kubectl create secret docker-registry myregistrykey --docker-server=localhost:5000 --docker-username=[someuser] --docker-password=[somepassword] --docker-email=[someemail]
kubectl get secrets

should show a respective item myregistrykey.


A kubernetes deployment works with pod config yaml files like this:

kubectl create -f pod-config.yaml


The status of the pod is available using the describe command:

kubectl describe pods/akkahttpplaygroundname


The output should be similar to

Name:		akkahttpplaygroundname
Namespace:	default
Node:		minikube/
Start Time:	Thu, 13 Oct 2016 22:41:06 +0200
Status:		Running
    Container ID:		docker://e638961e5dd9db76e30643523b20330afeac752ff76f9468f5cec6dfbd725275
    Image:			localhost:5000/akkahttp-playground:0.0.1
26s	3s	3	{kubelet minikube}	spec.containers{akkahttpplayground}	Normal	Pulling	pulling image "localhost:5000/akkahttp-playground:0.0.1"
25s	3s	3	{kubelet minikube}	spec.containers{akkahttpplayground}	Normal	Pulled	Successfully pulled image "localhost:5000/akkahttp-playground:0.0.1"
3s	3s	1	{kubelet minikube}	spec.containers{akkahttpplayground}	Normal	Created	Created container with docker id 5ac511bf78d3; Security:[seccomp=unconfined]
3s	3s	1	{kubelet minikube}	spec.containers{akkahttpplayground}	Normal	Started	Started container with docker id 5ac511bf78d3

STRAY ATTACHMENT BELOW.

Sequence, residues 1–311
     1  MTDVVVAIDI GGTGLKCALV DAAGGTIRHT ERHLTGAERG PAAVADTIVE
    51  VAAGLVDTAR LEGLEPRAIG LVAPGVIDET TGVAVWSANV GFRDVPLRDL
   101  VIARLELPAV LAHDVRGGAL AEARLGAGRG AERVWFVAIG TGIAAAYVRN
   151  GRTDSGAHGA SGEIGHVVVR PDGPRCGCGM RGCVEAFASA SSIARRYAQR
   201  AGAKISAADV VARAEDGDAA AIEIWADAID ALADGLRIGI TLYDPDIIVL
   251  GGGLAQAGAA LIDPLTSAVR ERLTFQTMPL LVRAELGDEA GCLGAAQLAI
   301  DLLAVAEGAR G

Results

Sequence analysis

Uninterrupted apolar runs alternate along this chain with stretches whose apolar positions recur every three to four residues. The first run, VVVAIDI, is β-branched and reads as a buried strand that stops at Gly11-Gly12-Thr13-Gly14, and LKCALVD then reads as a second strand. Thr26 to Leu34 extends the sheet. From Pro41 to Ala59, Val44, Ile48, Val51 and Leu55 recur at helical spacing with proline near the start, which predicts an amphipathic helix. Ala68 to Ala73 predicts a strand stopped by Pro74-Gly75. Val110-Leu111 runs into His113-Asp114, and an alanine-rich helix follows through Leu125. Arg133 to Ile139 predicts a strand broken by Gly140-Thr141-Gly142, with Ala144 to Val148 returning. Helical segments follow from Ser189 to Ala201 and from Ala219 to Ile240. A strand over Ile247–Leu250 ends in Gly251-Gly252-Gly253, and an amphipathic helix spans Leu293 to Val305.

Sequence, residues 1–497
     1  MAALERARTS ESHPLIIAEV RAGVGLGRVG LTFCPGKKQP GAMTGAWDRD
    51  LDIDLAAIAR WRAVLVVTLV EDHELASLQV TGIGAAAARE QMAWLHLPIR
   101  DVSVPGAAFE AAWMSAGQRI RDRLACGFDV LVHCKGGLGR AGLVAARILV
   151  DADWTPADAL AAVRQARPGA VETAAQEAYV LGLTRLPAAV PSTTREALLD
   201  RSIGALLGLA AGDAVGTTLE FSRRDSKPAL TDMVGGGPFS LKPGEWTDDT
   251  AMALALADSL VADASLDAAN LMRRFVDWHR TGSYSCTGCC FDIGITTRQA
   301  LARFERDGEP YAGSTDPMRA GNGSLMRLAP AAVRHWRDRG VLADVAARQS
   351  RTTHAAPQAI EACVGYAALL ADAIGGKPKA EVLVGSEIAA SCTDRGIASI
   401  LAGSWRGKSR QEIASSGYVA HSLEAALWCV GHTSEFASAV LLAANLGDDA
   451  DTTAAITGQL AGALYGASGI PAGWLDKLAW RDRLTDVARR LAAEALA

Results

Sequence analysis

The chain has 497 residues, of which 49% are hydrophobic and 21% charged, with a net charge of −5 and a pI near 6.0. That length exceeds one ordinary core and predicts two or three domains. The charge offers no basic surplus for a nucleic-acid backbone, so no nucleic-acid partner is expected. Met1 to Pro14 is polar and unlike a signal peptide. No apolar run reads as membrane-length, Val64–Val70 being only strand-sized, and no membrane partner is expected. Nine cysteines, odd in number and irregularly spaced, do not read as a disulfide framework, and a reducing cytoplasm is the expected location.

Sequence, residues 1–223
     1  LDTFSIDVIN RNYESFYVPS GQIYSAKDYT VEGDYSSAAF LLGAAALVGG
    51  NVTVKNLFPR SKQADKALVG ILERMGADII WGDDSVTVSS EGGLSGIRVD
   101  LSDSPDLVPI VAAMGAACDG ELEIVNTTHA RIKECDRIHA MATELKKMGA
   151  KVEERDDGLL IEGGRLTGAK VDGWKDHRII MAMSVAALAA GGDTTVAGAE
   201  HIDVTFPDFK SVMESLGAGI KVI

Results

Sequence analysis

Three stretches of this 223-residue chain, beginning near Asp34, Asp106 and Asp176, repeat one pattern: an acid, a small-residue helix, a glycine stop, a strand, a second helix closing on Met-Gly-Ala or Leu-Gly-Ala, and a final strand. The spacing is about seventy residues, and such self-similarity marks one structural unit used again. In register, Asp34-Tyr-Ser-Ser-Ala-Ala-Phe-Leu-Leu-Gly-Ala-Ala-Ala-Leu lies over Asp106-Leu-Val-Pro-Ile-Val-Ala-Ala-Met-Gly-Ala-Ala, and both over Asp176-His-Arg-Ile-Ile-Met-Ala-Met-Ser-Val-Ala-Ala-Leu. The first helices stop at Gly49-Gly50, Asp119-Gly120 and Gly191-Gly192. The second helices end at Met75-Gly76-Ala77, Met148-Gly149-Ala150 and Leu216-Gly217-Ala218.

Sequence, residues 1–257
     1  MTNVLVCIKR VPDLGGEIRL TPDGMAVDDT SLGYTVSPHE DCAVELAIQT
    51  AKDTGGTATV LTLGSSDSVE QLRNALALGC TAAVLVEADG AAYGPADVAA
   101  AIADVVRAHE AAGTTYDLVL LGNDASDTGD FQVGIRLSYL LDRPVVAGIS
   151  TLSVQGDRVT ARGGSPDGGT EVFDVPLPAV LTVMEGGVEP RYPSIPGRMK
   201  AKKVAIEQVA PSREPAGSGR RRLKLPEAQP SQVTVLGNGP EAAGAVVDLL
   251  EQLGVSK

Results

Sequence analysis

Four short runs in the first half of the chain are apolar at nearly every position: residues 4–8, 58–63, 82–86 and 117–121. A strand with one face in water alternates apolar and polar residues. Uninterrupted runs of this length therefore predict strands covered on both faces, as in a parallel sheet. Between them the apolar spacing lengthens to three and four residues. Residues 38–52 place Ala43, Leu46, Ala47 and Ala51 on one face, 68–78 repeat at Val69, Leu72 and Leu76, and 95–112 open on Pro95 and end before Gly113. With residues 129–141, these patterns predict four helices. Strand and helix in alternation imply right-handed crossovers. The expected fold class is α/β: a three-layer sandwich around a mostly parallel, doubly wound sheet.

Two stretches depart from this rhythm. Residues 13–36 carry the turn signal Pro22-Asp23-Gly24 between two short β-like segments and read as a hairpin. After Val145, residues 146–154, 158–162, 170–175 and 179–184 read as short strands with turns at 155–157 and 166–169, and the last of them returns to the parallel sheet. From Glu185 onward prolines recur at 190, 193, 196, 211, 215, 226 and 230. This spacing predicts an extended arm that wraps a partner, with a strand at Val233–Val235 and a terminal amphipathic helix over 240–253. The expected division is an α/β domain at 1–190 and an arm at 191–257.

Similar to docker logs there is

kubectl logs akkahttpplaygroundname


The same output as with docker logs should be shown:

Server online at http://localhost:8181/hello
Hit ENTER to stop...



However, in order to access the service you should run

curl -v

and should get

Connected to ( port 8181 (#0)
> GET /hello HTTP/1.1
> User-Agent: curl/7.35.0
> Host:
> Accept: */*
< HTTP/1.1 200 OK
* Server akka-http/2.4.10 is not blacklisted
< Server: akka-http/2.4.10
< Date: Tue, 18 Oct 2016 08:34:39 GMT
< Content-Type: application/json
< Content-Length: 16
* Connection #0 to host left intact
{"msg":"my msg"}




Access the service via localhost would not work because the eval command (3rd step) at the beginning applies to the whole docker setup.

When you are done with debugging or developing you may don’t need the minikube anymore:

minikube delete




The step by step commands above described how to do use

  • akkhttp
  • docker
  • kubernetes/minikube

on your local linux environment.

You can also debug using docker without kubernetes/minikube:

docker run -dit -p 8181:8181 --name akkahttp-playground localhost:5000/akkahttp-playground:0.0.1
curl http://localhost:8181/hello

should return something like

{"msg":"my msg"}

(That assumes you did not adapt the docker daemon using the eval command above)



In case you want to run the scala code only, you could use:

sbt "run-main info.lotharschulz.MyService"

Runing the scala tests would be:

sbt [clean] test



You can also upload the docker images to other docker registries. You’d adapt build.sbt e.g.


The docker base images described above can be also accessed via docker hub:




Finally I wanna thank Tobias, Raffaele and Oleksii for their tips regarding kubectl describe, logs and eval.

My cloud is still called floppy disk 😉